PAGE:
I decide to try a Ubuntu boot disk. After all, if that loads I at least know the parts are working. Ubuntu loads momentarily, then crashes into Panic Mode with a kernel error. Yay. I decide to go to bed. In bed, I'm reading my tablet and come across a customer review for the board saying it won't work with an i3 processor without a BIOS update and since you can't get things running otherwise, you need to pull a jumper off the board to force a BIOS recovery. I hop out of bed and go try this, fueled with optimism. I was previously trying to update the BIOS but it wasn't cooperating but this jumper business was new to me. It works! New updated BIOS that, in theory, plays nice with my processor. Let's try Windows!

Nope. But the problem is different. Now, instead of hanging at "Starting Windows", it installs the files, goes to "Starting Windows" and reboots. A soft reboot, the whole system doesn't go down, it just goes back to the Intel splash screen and starts over. Try Ubuntu again and it still crashes.

So, we know the board is good, the PSU is good, the HD isn't the issue since Ubuntu is running off a DVD... signs are pointing now to memory. I guess my next step is to remove a memory stick and try to boot it off one. And to switch sticks if that doesn't work. I read of some people saying to increase the voltage but the board and memory are both rated for 1.65v with a warning on Intel's page not to exceed that. The memory in my "real" computer is 1.5v, I don't know if that would make a difference. Or maybe I'll find something to clock up or down in the BIOS. But I've read people saying they went to one stick to install Win 7, then added the second stick and it worked fine. Here's hoping...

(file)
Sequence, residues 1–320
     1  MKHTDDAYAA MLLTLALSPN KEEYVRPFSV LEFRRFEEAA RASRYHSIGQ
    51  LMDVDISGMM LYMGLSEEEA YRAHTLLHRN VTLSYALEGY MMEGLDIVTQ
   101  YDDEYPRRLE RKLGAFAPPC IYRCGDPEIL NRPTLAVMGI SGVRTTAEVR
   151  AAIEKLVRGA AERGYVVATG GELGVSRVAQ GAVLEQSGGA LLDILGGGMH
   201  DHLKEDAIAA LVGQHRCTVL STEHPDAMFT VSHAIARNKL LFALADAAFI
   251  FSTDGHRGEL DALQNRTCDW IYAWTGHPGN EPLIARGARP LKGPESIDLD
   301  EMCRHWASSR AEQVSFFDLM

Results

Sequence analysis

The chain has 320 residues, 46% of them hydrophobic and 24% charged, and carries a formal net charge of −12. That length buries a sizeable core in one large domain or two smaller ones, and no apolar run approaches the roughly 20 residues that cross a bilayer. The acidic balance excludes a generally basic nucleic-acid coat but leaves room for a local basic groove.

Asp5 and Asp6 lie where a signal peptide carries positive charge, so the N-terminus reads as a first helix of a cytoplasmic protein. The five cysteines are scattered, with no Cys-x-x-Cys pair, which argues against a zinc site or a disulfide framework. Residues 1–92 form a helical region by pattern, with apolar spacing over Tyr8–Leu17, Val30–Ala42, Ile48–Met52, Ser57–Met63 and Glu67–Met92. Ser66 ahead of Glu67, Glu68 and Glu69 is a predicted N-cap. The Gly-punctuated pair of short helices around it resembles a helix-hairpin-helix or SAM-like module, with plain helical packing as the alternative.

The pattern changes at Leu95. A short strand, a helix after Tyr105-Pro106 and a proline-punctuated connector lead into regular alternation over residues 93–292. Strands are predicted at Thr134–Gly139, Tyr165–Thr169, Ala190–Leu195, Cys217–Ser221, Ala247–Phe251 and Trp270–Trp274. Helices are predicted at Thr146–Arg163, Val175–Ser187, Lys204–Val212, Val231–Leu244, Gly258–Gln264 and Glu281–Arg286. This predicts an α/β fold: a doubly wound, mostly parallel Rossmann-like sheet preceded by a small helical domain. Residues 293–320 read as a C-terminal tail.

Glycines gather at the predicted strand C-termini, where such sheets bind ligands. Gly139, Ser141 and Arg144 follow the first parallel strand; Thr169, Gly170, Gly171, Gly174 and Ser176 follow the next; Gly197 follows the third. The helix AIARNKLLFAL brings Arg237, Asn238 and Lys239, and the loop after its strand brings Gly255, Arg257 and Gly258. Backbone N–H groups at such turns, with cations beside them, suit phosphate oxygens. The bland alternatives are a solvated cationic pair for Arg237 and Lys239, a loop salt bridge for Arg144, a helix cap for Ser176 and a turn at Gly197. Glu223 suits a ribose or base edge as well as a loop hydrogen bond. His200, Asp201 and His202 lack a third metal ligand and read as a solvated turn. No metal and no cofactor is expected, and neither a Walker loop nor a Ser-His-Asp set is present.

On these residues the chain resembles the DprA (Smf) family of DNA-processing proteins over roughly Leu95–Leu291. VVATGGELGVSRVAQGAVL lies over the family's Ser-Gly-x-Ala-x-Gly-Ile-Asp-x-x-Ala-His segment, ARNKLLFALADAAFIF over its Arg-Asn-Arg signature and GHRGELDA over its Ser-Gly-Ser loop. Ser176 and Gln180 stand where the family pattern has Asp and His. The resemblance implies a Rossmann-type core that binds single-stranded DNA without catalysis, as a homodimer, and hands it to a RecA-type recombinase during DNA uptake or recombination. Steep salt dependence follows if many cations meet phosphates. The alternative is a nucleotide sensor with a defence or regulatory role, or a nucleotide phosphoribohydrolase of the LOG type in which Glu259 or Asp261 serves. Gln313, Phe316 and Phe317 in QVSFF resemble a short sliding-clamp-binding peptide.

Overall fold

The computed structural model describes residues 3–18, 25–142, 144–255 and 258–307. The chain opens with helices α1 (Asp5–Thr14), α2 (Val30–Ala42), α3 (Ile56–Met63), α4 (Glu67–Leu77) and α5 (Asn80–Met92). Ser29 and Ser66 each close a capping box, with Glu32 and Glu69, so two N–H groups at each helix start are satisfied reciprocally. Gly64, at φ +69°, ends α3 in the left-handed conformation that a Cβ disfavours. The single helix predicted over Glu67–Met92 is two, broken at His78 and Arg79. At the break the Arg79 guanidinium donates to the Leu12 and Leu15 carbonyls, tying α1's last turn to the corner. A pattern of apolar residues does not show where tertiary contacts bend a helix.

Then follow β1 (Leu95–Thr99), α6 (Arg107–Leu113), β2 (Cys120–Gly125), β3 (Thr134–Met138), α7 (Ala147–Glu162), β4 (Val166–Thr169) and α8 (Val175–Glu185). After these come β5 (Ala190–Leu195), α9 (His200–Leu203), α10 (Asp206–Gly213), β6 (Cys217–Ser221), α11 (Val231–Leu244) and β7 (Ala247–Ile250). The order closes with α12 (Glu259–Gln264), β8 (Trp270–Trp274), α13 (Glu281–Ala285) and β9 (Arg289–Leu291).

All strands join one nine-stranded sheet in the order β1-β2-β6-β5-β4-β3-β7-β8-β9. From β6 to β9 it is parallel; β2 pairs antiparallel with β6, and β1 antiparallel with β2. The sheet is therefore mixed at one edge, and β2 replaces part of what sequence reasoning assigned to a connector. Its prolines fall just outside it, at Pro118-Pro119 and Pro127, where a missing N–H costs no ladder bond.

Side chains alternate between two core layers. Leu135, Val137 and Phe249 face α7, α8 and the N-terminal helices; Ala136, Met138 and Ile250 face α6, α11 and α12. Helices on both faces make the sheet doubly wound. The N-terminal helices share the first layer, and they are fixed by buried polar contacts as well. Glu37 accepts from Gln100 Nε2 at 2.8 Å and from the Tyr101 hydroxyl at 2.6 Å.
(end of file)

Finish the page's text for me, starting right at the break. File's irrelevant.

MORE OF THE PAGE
This is why I don't give novices crap for not wanting to build a system. Not that off-the-shelf systems are great but if someone wants to pick parts and have Ibuypower or whoever do the assembly, God bless 'em. I at least had some small advantage in that I built my last system so I'm not timid about putting my hands in the case but the learning curve when things go sour can be a *****.

Oh, and if you know what's wrong, feel free to tell me.
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#2 Jun 04 2013 at 10:08 AM Rating: Excellent
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Jophiel wrote:
This is why I don't give novices crap for not wanting to build a system. Not that off-the-shelf systems are great but if someone wants to pick parts and have Ibuypower or whoever do the assembly, God bless 'em. I at least had some small advantage in that I built my last system so I'm not timid about putting my hands in the case but the learning curve when things go sour can be a *****.

Oh, and if you know what's wrong, feel free to tell me.
When you rubbed cheetah blood on the case to make it go faster, did you buy the blood from a reputable dealer? A lot of less reputable dealers have a tendency to try to sub in tiger blood instead, and that, contrary to what Charlie Sheen says, does not lead to winning.

I have no idea. Just wanted to wish you luck.
#3 Jun 04 2013 at 10:11 AM Rating: Excellent
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The One and Only Poldaran wrote: